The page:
Digital self-tracking with wearable devices and mobile applications is exceedingly popular. The arising data is not only crucial for individual use but also for parties of the healthcare segment. This paper focuses on German health insurance providers and their expanding call for clients’ personal health and fitness data in a highly complex and regulated environment. As clients need to be willing to share health-related information, an experimental study was conducted, consisting of different modes of reward-based insurance offerings. Trust and perceived risk were assessed as prominent psychological constructs, assessing participants’ willingness to share their personal information. Results show that examined factors such as company prominence or monetary incentives are scarcely influential. However, trust and perceived risk affect an individual’s willingness to share. Taking up the health insurance provider’s perspective, alternative aspects need to be considered to successfully gain consumer trust to collect the clients’ health and fitness information.
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    Patient Controlled, Privacy Preserving IoT Healthcare Data Sharing Framework
    ( 2020-01-07) Chowdhury, M.J.M. ; Kayes, A. S. M. ; Watters, Paul ; Scolyer-Gray, Patrick ; Ng, Alex
    Healthcare data personally collected by individuals with wearable devices have become important sources of information for healthcare professionals and medical research worldwide. User-Generated Data (UGD) offers unique and sometimes fine-grained insight into the lived experiences and medical conditions of patients. The sensitive subject-matter of medical data can facilitate the exploitation and/or control of victims. Data collection in medical research therefore restricts access control over participant-data to the researchers. Therefore, cultivating trust with prospective participants concerned about the security of their medical data presents formidable challenges. Anonymization can allay such concerns, but at the cost of information loss. Moreover, such techniques cannot necessarily be applied on real-time streaming health data. In this paper, we aim to analyze the technical requirements to enable individuals to share their real-time wearable healthcare data with researchers without compromising privacy. An extension for delay-free anonymization techniques for real-time streaming health data is also proposed.
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    Identifying Quality Factors for Self-Tracking Solutions: A Systematic Literature Review
    ( 2020-01-07) Schiller, Barbara ; Brogt, Tobias ; Schuler, J. Peter M. ; Strobel , Gero ; Eicker, Stefan
    Self-tracking solutions have become globally widespread, as they promise numerous advantages (e.g. improving health) to their users. Despite their benefits, such solutions are often abandoned due to quality issues. This phenomenon can also be observed for digitized products in general. As self-tracking solutions are hybrid products, combining digital and physical components, traditional domain-independent and abstract quality models like the prominent ISO 25000 standard seem to not cover quality in an appropriate way. We address these issues by answering the research question of which factors affect quality perceptions of different stakeholder groups when interacting in a wearable ecosystem. We use a systematic literature review based on a research protocol to identify and analyze 98 quality-influencing factors from 19 studies that we cluster in a map. The identified factors are compared to the ISO 25000 standard, showing that certain factors like hedonic motivation are unconsidered thoroughly in the existing standard.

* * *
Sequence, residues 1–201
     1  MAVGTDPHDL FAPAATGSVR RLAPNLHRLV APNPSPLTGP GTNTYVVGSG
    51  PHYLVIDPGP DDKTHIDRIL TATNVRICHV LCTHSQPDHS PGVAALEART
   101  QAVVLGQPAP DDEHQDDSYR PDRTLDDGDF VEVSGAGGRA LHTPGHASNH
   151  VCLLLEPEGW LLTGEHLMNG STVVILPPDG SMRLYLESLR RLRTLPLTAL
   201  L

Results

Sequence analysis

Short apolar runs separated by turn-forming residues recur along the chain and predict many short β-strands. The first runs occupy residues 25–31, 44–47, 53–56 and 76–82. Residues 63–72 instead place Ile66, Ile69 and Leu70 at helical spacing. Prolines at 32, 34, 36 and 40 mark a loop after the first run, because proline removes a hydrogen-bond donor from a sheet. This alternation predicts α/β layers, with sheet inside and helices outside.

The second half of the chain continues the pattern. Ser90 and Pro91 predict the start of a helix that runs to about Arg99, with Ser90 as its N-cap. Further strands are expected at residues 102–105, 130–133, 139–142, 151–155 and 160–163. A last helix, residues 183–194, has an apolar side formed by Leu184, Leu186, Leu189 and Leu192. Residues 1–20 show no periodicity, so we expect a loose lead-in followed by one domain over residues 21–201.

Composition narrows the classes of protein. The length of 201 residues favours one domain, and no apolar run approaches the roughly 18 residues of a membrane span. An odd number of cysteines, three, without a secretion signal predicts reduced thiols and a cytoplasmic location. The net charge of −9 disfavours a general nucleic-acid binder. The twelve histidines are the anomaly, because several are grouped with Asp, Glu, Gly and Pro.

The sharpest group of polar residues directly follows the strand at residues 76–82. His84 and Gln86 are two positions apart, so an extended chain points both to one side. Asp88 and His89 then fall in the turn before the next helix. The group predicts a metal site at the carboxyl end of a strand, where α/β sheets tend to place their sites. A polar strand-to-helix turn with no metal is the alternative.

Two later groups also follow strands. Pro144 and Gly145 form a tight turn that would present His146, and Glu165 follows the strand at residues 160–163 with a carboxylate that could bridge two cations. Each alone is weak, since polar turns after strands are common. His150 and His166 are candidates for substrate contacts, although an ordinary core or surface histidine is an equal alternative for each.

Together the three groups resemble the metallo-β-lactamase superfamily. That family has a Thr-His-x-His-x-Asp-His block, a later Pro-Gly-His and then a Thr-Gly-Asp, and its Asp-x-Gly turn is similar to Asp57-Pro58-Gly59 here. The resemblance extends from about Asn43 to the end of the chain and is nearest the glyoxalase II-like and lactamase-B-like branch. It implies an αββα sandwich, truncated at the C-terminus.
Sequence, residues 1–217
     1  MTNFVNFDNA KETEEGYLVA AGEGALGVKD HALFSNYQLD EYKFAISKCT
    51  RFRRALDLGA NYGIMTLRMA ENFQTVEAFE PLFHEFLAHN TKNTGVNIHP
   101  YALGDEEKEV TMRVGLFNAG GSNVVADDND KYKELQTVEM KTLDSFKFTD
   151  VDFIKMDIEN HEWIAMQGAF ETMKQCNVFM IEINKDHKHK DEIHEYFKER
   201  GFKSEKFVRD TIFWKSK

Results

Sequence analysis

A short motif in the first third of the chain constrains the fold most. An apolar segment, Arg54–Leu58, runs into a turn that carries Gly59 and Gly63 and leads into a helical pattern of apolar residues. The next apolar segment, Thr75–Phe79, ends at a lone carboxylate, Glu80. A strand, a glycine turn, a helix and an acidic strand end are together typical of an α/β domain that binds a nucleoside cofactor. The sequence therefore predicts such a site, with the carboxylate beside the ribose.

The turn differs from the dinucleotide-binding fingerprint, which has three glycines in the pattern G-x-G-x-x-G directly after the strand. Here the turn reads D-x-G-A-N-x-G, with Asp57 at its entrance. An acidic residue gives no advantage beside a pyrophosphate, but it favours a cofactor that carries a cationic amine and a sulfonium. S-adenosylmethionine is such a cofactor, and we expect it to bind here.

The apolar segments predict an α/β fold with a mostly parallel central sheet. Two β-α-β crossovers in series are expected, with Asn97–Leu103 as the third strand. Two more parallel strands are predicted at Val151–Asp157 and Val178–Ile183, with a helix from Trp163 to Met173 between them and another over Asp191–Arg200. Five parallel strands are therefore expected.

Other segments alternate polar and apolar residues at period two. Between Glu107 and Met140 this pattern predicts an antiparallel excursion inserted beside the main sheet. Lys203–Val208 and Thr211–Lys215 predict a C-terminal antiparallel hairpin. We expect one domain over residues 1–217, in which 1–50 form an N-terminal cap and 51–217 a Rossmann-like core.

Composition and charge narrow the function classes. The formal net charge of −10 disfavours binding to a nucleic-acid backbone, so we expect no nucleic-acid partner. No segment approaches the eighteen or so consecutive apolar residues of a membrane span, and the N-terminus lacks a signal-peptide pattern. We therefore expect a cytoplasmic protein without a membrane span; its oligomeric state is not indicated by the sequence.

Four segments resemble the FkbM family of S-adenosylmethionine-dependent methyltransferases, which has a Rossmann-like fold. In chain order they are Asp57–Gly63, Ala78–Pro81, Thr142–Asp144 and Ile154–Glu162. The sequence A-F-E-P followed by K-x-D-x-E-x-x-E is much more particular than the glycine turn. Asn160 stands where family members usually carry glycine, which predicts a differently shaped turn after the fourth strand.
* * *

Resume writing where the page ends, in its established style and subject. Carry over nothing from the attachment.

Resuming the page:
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    A Review on Consumer Health Information Technology Research in IS
    ( 2020-01-07) Li, Yafang ; Carter, Michelle ; Crossler, Robert E.
    While there is a rapid growth in the application of consumer health information technology (CHIT), its growth as an area of interest in IS research is still relatively slow. While there is great potential for research in this area, knowledge barriers to conducting CHIT research do exist. These include a lack of a clear definition of CHIT and lack of knowledge on the current state of CHIT research in IS. To overcome these barriers, we offer a definition of CHIT and then use that definition, together with the IT artifact perspective, to conduct a thematic analysis of CHIT research in the IS domain. We find that CHIT research spans all five IT views but to different degrees: nominal, proxy, and tool views are the most widely used perspectives. Based on our analysis, we suggest future research directions to enrich understanding of CHIT.
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    Introduction to the Minitrack on Personal Health and Wellness Management with Technologies
    ( 2020-01-07) Bodendorf, Freimut ; Ma, Tuan ; Wickramasinghe, Nilmini